Stepping Back to Minimal Footwear

Applications Across the Lifespan

Irene S. Davis; Karsten Hollander; Daniel E. Lieberman; Sarah T. Ridge; Isabel C.N. Sacco; Scott C. Wearing

Disclosures

Exerc Sport Sci Rev. 2021;49(4):228-243. 

In This Article

Summary

Although we have identified many of the benefits of minimal footwear use across the lifespan, there is still much more research that needs to be done.

Based on the gaps in the current literature, we need:

  • large-scale prospective studies to compare the effects of conventional versus minimal shoes on foot development, biomechanics, and musculoskeletal health in both children and adults

  • more studies on the effect of minimal shoe use during walking, as well as studies of other activities, on the musculoskeletal system

  • a greater understanding of how to best transition into minimal footwear, including consideration of the adaptive response of tissue in differing foot types (i.e., high arch and low arch)

  • studies of optimal strengthening interventions for the intrinsic and extrinsic muscles to facilitate transition to minimal footwear

  • prospective studies of the effect of intrinsic and extrinsic foot muscle strengthening on foot health

  • studies using advanced methodologies, such as biplanar videoradiography, to study the effect of minimal footwear on the complex motions of the foot

  • studies of the effect of minimal footwear use on foot strength, balance, and falls in older adults

  • studies to determine which pathologic populations can benefit the most from minimal footwear

In summary, modern footwear represents an evolutionary mismatch that may increase the risk for injury. Therefore, we propose the following. Given that we are adapted to being barefoot, habitual locomotion in minimal footwear that is closer to the barefoot condition reduces the vulnerability of the musculoskeletal system to injury. The recent reemergence of minimal shoes was aimed at returning to a more barefoot-like locomotion, which is hypothesized to reduce injury risk. This article has summarized some of the advantages to wearing footwear that minimizes the interference on natural foot mechanics. We have presented evidence of benefits of minimal footwear both across the ages and in pathologic populations. These include stronger foot muscles, stiffer Achilles' tendons, softer landings, better balance, better function, lesser pain, lower knee loads, and reduced lower extremity torques (Figure 10). One of the primary concerns surrounding minimal footwear is the risk of a transition-related injury. It is recommended that those habituated to conventional footwear need to transition into minimal footwear slowly, especially for higher-level activities such as running. Ideally, we start our youth early in minimal footwear so that the body will naturally adapt to it, eliminating any risks associated with transition.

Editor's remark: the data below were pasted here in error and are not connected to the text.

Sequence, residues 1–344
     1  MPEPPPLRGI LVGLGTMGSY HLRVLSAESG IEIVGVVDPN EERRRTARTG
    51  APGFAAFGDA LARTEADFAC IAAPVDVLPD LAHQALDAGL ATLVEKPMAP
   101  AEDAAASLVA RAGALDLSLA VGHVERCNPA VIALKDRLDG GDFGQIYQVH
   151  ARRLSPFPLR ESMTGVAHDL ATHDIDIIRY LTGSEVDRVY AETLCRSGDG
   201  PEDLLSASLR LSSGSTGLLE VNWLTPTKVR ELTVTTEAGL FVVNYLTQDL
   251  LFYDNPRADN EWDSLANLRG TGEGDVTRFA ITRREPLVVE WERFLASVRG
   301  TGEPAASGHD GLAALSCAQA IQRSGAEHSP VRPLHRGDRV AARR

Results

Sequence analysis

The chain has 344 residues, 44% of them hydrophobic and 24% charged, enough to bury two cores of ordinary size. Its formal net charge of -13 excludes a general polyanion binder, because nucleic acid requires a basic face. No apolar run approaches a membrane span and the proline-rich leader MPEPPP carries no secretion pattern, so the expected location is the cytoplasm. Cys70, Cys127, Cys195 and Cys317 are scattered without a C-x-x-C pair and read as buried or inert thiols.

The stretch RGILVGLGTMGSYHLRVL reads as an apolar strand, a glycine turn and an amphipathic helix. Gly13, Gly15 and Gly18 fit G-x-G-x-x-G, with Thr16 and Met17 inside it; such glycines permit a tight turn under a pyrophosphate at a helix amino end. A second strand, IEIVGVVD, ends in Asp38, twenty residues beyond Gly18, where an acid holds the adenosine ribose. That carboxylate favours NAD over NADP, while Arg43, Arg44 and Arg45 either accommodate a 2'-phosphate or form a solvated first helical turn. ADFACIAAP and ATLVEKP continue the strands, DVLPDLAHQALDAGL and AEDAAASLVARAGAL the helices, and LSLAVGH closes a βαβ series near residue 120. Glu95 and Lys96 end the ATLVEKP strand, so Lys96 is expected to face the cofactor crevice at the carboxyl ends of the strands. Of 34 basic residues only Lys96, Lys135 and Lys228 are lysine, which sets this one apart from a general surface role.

Figure 10.

Schematic of the novel hypothesis that suggests that the use of minimal footwear across the lifespan will result in reduced injuries and a healthier musculoskeletal system. FFS, forefoot strike.

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